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Chasing Down A Dream

Mervin Brass

SASKATCHEWAN INDIAN      POWWOW ISSUE 1999      v29 n02 p18  
REGINA - Helen Sunshine is living out a dream. She sits over her homemade beading loom, concentrating intently on her craft.

The member of the Gordon First Nation is making a belt, and says this type of beadwork is simple, and not complicated. Helen carefully threads the brightly-coloured beads on the loom, admitting the hardest part is figuring out the pattern. "But it all comes together. I do a lot of beadwork. I'm a selftaught beader," she says between stringing a row of beads. "My grandmother used to do it, but no one else in my family does it."

As a child, she would dream about being a powwow dancer, but her stepfather forbade Helen and her siblings from practicing their First Nation culture. Many years later, Helen took it upon herself to learn more about the culture, and the art of beading.

One day she went to the library, on a quest for knowledge about constructing a beading loom. "I thought, 'Oh my God,' why couldn't I have done this myself," she says, realizing how simple it is to build a loom. Once she built the loom, Helen began beading, and soon discovered a natural ability for the craft.

Helen says someday she hopes to pass the needle and thread to her powwow-dancing daughter, Lisa-Marie. "A lot of our young people are losing the culture," Helen says. "I think it's up to us to try and bring it back."

“A lot of our young people are losing the culture, I think it's up to us to try and bring it back.”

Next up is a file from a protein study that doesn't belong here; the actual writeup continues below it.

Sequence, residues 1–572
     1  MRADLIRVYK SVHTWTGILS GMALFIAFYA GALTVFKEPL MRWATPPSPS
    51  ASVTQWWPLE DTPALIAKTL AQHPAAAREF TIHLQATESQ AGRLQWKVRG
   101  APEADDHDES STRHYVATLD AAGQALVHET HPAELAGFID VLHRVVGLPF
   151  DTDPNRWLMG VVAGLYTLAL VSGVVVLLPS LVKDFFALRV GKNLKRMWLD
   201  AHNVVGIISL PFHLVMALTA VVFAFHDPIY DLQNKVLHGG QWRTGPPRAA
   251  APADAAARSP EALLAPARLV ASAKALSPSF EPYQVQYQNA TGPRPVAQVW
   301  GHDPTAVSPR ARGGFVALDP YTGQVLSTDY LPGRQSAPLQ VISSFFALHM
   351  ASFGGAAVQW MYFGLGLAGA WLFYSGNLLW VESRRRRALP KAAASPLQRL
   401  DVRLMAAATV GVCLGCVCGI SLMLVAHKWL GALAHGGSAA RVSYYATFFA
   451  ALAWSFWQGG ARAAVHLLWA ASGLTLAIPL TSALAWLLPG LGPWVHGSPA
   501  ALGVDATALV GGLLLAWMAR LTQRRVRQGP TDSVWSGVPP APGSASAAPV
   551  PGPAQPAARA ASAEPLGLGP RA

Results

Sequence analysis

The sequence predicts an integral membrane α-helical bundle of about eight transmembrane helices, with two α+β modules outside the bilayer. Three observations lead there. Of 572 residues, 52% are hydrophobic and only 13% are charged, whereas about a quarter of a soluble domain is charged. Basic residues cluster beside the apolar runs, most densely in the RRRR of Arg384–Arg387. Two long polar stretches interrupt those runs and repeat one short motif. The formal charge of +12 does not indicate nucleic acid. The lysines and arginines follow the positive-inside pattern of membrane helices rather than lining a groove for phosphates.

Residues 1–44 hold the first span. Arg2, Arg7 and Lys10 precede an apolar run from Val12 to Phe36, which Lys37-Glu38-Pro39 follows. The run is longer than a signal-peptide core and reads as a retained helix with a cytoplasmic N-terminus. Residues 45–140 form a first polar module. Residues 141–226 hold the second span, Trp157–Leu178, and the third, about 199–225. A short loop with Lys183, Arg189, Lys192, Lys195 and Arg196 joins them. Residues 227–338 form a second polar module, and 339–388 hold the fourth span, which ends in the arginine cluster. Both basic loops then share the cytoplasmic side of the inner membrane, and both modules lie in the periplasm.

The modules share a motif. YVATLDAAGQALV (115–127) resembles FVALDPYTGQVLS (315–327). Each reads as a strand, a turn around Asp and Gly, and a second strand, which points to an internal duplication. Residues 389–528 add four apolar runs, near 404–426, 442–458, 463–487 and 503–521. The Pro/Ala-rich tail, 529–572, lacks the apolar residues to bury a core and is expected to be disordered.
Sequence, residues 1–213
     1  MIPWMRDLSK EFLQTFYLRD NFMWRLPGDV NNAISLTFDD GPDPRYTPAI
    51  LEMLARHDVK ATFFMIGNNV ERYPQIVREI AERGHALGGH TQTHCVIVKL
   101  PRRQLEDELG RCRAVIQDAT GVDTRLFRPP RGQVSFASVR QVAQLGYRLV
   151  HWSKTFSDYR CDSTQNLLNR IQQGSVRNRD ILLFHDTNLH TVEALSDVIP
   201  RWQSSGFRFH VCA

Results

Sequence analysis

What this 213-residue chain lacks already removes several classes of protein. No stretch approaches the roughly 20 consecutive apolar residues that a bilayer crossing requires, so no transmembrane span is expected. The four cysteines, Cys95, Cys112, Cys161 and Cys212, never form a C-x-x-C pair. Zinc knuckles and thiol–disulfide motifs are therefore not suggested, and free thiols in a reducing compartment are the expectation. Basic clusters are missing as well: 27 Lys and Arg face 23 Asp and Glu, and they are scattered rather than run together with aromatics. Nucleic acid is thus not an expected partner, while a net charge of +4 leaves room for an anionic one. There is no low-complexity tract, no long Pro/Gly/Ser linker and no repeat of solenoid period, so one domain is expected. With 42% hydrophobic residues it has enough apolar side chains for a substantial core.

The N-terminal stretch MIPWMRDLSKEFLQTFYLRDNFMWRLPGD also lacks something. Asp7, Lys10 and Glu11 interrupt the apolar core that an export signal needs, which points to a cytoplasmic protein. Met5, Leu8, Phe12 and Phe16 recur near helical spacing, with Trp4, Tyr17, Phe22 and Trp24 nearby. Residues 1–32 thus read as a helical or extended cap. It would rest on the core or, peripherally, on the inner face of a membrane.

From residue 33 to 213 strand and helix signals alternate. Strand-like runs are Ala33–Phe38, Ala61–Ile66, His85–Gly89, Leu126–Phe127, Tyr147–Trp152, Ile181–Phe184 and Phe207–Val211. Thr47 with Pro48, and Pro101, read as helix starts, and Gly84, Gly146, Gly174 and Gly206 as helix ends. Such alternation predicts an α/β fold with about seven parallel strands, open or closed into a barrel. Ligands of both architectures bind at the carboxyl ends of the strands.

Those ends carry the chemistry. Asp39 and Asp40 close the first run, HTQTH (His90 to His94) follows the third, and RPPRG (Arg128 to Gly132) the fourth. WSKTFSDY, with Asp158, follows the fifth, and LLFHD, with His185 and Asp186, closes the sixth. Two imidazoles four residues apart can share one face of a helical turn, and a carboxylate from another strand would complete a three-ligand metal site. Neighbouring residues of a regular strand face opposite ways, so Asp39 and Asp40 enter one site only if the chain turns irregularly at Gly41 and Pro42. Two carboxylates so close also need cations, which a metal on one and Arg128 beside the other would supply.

- Helen Sunshine

Photo of Helen Sunshine. Photo was supplied by Mervin Brass
Helen Sunshine

"My mom won't always be here," says the 21-year-old Lisa-Marie Sunshine, Helen's youngest child. "I want to learn. I think it's important that I do it." Part of bringing back some of the culture, is taking part in powwows, Helen says.

She says her daughter began dancing when she was eight years old, but lost interest during her high-school years. "I guess because of other things, I lost track of the Indian way," says Lisa-Marie. "I never had any native friends." But one night, Lisa-Marie also had a dream, Helen says. In that dream, Lisa was dancing powwow.

Lisa-Marie says in her vision, she wore a pink jingle dress. When she woke, Lisa-Marie told her mother about the dream. Both Sunshine women went to an elder for advice. "The elder advised me that (dancing) was my calling," says the younger Sunshine.

Once Lisa-Marie resumed her dancing, Helen tackled another artistic challenge. "I wanted a certain type of dress," Lisa-Marie says, telling the story about how her mother got into making dresses. "And my mom does all my beading too. She does everything."

"I make all of my daughter's jingledress dancing outfits," says Mom proudly. "It's fairly expensive to make one." But it's a small price to pay, considering that Lisa-Marie is much happier taking part in powwows.

"I like the feeling, the people watching, everything about it," says the young jingle dress dancer. "I get really pumped." "I go to powwows just to dance for myself," she says. "I'm not worried about competing."

So if you happen to be at a powwow this summer, Lisa-Marie will be the jingle-dress dancer, wearing one of two outfits, either a teal and white dress, with purple ribbon, or a burgundy and black dress, with white beaded moccasins.